Jasper Dark Sky Festival

Choosing a Big Scope First

Sometimes it makes sense to dive into the deep end of the pool.

Sky-Watcher 12-inch Dob

Affordable big scopes like this 12-inch Sky-Watcher Dobsonian are helping to redefine the “beginner’s telescope.”

When I was first getting into backyard astronomy in the early ’70s, most books recommended a 3-inch refractor or 6-inch reflector for a first scope. That was good advice for the kinds of things people generally looked at in those days, namely, the Moon and planets. Magazines were full of advertisements for Cave Astrolas, Star-Liners, Unitrons and Criterion RV-6’s. I, however, ultimately ended up with a 3-inch Tasco reflector — sort of the worst of both worlds. It wasn’t a great beginner’s scope, but I lived to tell the tale anyway.

RF-6 reflector telescope

The choice of generations of beginners: a 6-inch f/8 reflector on an equatorial mount.

If you’re out looking for a first scope today, chances are you’re considering something a lot bigger to help pull in deep-sky objects as well as solar system targets. And why not? Bigger is better, and never before has bigger been so inexpensive. Unless ultraportability is a major consideration for you, there’s no reason not to start off with a big-aperture scope if that’s what you want. The e-mails I regularly receive suggest this is exactly what’s going on. Thanks to the recent proliferation of affordable 10-, 12- and 16-inch Dobsonians, the whole concept of the beginner’s telescope is being redefined.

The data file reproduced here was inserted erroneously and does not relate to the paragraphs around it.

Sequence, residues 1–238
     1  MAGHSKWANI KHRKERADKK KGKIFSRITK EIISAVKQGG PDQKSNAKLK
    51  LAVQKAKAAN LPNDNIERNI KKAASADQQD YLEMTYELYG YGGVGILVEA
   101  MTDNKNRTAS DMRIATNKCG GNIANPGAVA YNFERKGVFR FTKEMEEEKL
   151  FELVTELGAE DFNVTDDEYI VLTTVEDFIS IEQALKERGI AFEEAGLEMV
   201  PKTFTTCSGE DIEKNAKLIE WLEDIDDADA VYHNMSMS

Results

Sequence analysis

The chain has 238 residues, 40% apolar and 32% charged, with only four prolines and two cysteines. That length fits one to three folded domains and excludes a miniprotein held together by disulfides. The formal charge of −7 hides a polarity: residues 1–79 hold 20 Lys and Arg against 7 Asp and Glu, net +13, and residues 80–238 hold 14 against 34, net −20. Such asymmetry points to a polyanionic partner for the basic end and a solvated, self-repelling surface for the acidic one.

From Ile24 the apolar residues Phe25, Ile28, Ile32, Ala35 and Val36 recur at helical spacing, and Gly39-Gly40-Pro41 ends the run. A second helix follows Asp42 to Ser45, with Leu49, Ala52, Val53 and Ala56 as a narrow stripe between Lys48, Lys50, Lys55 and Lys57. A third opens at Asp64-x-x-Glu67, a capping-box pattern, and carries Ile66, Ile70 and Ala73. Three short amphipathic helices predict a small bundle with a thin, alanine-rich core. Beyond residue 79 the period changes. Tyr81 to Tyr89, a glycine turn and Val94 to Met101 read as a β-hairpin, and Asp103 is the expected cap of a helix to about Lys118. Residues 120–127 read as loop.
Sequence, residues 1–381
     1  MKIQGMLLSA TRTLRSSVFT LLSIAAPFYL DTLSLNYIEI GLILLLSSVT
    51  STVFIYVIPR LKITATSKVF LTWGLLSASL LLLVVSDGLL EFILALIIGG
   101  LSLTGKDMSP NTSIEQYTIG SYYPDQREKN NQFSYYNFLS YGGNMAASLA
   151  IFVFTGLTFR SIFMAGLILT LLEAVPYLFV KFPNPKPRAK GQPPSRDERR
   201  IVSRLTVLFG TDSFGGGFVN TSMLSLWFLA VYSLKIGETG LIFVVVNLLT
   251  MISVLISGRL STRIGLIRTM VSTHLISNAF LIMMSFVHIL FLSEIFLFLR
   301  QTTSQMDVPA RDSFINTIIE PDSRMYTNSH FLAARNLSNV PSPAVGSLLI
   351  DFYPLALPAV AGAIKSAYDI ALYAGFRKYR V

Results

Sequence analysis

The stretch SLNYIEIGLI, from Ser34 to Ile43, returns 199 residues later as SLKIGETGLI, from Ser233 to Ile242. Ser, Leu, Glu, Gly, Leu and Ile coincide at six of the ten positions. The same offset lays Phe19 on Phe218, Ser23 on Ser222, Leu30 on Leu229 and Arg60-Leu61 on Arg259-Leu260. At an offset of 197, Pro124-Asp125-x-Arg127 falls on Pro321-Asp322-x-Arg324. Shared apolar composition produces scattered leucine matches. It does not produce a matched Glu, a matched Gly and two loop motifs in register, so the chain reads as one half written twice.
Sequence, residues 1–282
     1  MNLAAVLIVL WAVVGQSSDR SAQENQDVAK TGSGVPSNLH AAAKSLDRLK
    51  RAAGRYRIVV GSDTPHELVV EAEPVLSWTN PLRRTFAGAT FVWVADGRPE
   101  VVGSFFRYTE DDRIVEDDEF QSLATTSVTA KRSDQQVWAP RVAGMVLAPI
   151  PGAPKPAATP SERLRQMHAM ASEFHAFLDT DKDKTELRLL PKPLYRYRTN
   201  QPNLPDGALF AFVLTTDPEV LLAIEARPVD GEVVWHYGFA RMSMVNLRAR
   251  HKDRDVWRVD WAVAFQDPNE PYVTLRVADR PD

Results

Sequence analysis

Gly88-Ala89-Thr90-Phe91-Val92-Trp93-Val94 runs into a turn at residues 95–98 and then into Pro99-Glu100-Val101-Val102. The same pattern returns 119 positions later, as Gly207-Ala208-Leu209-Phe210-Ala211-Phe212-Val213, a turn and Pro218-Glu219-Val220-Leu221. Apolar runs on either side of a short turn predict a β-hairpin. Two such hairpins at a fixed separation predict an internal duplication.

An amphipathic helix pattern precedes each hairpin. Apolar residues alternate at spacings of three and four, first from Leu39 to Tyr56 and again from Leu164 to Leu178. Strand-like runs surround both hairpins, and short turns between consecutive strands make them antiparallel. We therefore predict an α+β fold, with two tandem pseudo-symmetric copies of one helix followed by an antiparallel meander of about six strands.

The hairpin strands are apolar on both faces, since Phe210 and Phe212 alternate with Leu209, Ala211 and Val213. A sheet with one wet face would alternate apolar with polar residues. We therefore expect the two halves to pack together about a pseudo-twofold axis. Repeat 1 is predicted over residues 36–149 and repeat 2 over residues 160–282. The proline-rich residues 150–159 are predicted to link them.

One reader wrote me because he wanted help choosing between 12- and 16-inch scopes. Not long ago this would have been a decision confounding only the very well heeled! So what advice did I offer? If you’re going to take that kind of plunge, there are really two things to consider apart from the specific features offered on individual models: size and price. Price is easy. If you can’t afford a 16-inch, then go for a 12. You won’t be giving up as much as you may suspect. Indeed, if you find the views in a 12 disappointing, a 16 probably isn’t going to do the trick either. Yes, the difference is significant, but going up from a 12 to a 16 gains you only about ½ magnitude in image brightness — a difference that’s likely not enough to make you say “Wow!”

Size and performance go hand in hand, but don’t forget to take into consideration how and where you’ll use the scope. A 12-inch is a pretty big machine, but with the availability of affordable, mass-produced truss-tube scopes, it is no longer something to be afraid of. Most any car is capable of transporting one of these, but check the weight of the heaviest component and consider whether or not you (and your back) are up to the task of hauling it up stairs and in and out of your car.

A 16-inch is another kettle of fish altogether. Even in a truss-tube configuration, it’s a big scope. I would never recommend that anyone purchase one sight unseen. Find a local astronomy club or visit a well-stocked telescope store to kick the tires in person. I’ll bet it strikes you as bigger than you thought it would be. If you even suspect the scope is more than you can handle, go for the 12. A 16-inch that ends up in storage will never show as much as a 12-inch in the yard.

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